What does the future hold for nuclear energy?
On September 12th, our Forum organised a lunchtime discussion at the European Parliament in Strasbourg, at the invitation of its associate member Westinghouse.
The topic of the discussion was “Key factors in the development of nuclear power in the EU”. The speaker, Yves Brachet, is president of Westinghouse Europe, Middle East and Africa.
The main point of his presentation was that:
“More than 60 reactors are in construction around the world, including four in the US and four in the EU, with many more in the pipeline. Fourteen EU countries are operating nuclear plants and a few more are expressing their interest in joining the nuclear community.
Security of supply, climate change and competitiveness stay as strong drivers, but there are also impediments: financing of large capital projects, incoherent and conflicting EU energy and environmental policies…”
Westinghouse took position with respect to energy policy – at the intersection of geopolitics, the environment, technology and many other fields – leaving aside commercial and promotional aspects.
On that day, the European Union was still impacted by Germany’s recent decision to “get out of nuclear” and by the rather worrisome “Belgian nuclear” situation.
The discussion on September 12th was open, animated and certainly fruitful. The parliamentarians in attendance each took away something, based on their personal positions, as is always the case with our events.
Over the days that followed our discussion, we learned of Japan’s decision with respect to the closure of its nuclear power infrastructure by 2040 and of the decision by the President of the French Republic to shut down the nuclear plant at Fessenheim. As is common knowledge, a significant amount of this plant’s electricity production goes to Germany and Switzerland, both of which have decided to give up nuclear power.
Returning to the topic of our discussion of September 12th, we should first note that several Member States are determined to continue their involvement with nuclear energy. At this time, 10 of them are building, have approved construction, or have planned reactors, for a total of 16 units. These countries are Bulgaria, the Czech Republic, Finland, France, the Netherlands, Lithuania, Poland, Romania, Slovakia and the United Kingdom.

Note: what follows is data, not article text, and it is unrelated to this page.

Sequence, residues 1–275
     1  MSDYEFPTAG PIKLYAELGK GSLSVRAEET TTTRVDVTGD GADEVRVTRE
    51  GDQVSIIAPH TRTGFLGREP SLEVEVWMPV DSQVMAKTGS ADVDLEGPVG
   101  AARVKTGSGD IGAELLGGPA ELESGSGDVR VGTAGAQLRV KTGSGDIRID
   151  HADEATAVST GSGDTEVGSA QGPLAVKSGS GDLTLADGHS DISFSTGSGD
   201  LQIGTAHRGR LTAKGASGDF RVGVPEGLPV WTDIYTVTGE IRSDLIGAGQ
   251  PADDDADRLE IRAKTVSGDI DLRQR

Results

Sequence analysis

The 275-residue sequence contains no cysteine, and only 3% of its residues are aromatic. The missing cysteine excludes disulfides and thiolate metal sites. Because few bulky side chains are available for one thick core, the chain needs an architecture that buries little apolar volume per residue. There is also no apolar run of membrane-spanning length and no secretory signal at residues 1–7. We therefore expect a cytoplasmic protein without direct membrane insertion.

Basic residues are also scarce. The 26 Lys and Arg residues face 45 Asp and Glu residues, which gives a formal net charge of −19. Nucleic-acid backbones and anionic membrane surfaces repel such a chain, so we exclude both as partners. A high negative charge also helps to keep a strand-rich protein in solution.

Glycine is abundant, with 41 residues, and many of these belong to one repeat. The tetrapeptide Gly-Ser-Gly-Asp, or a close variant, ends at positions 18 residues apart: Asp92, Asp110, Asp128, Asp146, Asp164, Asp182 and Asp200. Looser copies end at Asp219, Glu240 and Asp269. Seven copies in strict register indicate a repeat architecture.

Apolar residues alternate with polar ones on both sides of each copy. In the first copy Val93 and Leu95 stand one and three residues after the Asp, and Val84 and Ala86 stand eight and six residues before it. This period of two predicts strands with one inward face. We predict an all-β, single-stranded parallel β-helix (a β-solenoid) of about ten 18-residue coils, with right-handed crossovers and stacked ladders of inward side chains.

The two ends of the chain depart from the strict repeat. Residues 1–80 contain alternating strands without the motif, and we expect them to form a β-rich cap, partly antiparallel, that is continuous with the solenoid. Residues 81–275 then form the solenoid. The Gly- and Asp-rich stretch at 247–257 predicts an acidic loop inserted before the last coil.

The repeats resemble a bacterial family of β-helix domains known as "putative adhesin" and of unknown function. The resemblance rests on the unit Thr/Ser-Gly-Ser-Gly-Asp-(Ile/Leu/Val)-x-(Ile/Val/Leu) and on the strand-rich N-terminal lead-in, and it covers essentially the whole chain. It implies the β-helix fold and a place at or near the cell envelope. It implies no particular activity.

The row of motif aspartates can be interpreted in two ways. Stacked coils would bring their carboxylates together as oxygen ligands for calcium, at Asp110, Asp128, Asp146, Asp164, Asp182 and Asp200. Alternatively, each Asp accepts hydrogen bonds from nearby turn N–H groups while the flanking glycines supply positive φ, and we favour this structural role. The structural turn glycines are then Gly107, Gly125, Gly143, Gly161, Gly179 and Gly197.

What is more, in the rest of the world, outside of Japan where a nuclear future is still uncertain, several countries want to pursue installation, including China, India, and the United States.
It’s also interesting to note that others are committing, including Abu Dhabi which, with the Korean builder Kepco, has decided to build two of four planned reactors, each with a capacity of 1400 MW. Even Thailand is preparing to build, as is Saudi Arabia, which is planning a first nuclear network with 16 reactors.
I would like to end with Belarus which has just signed a contract with Russia for the construction of a nuclear plant consisting of two reactors of 2400 MW in total.
Inese Vaidere, the parliamentarian from Latvia who chaired the discussion in Strasbourg on September 12th, referred to the Belorussian initiative when closing the meeting.
Latvia shares a border with Belarus which will be building its nuclear plant in Grodno, basically sandwiched between Poland and Lithuania. The latter is also planning to build and operate a nuclear plant in Visaginas following the shutdown of the Ignalina nuclear plant, which is equipped with RBMK-type reactors (Chernobyl).
A referendum will be held on October 14th to decide the subject.
Lastly, we also note that the Grodno site in Belarus is the closest location to the Russian province of Kaliningrad where a nuclear plant is currently under construction.
A little later, we learned that Japanese ministers had denied the announcement made by the “National Policy Unit” regarding the closure of the nuclear plants and that, in addition, the French had pointed out that Fessenheim would be shut down in 2016, that is, at the beginning of the next presidential campaign.